It’s not uncommon for TV shows to make the leap to the big screen, and when they do, to go beyond what’s allowed by broadcast TV standards. When it comes to a show that already had a reputation to push the bounds of acceptability though, you might be able to understand Paramount executives’ unease at allowing “South Park” to get an R-rating. But that didn’t stop the show’s creators, Trey Parker and Matt Stone, from digging in their heels and refusing to do anything less.
In 1998, with the series a smash hit for Comedy Central, “South Park” began its journey to theaters, and in April of that year, a report from E! Online declared that Parker and Stone had finally secured an R-rating. “They really wanted to be able to go beyond the South Park television show,” Comedy Central spokesman Tony Fox told TV Guide, according to E!. “They really fought hard for and won the right to make an R-rated movie.”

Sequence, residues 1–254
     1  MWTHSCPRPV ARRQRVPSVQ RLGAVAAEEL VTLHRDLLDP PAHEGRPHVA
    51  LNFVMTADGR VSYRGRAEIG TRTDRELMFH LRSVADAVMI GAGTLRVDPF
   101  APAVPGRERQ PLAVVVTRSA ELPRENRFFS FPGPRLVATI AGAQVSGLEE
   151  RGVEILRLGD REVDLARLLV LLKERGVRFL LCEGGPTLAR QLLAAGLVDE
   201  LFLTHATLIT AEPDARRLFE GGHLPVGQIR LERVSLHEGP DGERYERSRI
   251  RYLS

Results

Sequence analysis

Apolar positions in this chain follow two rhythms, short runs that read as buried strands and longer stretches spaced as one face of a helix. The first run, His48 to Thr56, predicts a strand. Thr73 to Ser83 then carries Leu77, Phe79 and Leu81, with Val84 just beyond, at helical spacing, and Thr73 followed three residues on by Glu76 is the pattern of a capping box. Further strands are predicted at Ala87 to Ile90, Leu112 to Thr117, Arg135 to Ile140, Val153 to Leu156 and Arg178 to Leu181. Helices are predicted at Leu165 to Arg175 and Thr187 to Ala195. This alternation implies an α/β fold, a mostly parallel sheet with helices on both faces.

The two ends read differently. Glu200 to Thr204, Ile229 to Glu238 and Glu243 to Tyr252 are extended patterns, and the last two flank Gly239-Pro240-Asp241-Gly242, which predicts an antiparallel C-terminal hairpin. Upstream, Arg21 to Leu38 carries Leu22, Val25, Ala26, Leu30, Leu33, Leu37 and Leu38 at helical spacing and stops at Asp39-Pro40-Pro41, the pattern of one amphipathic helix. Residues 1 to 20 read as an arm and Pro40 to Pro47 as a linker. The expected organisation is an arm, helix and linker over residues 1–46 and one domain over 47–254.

The article does ask what the movie could possibly achieve that the show already hadn’t, where sexually suggestive dialogue and scenes of human feces were commonplace. Well, we know the answer today, as the entire plot revolves around the use of repeated obscenities. But it wasn’t just bad words, as excessive violence and sex jokes riddle the film, making it plainly obvious why it needed its R-rating.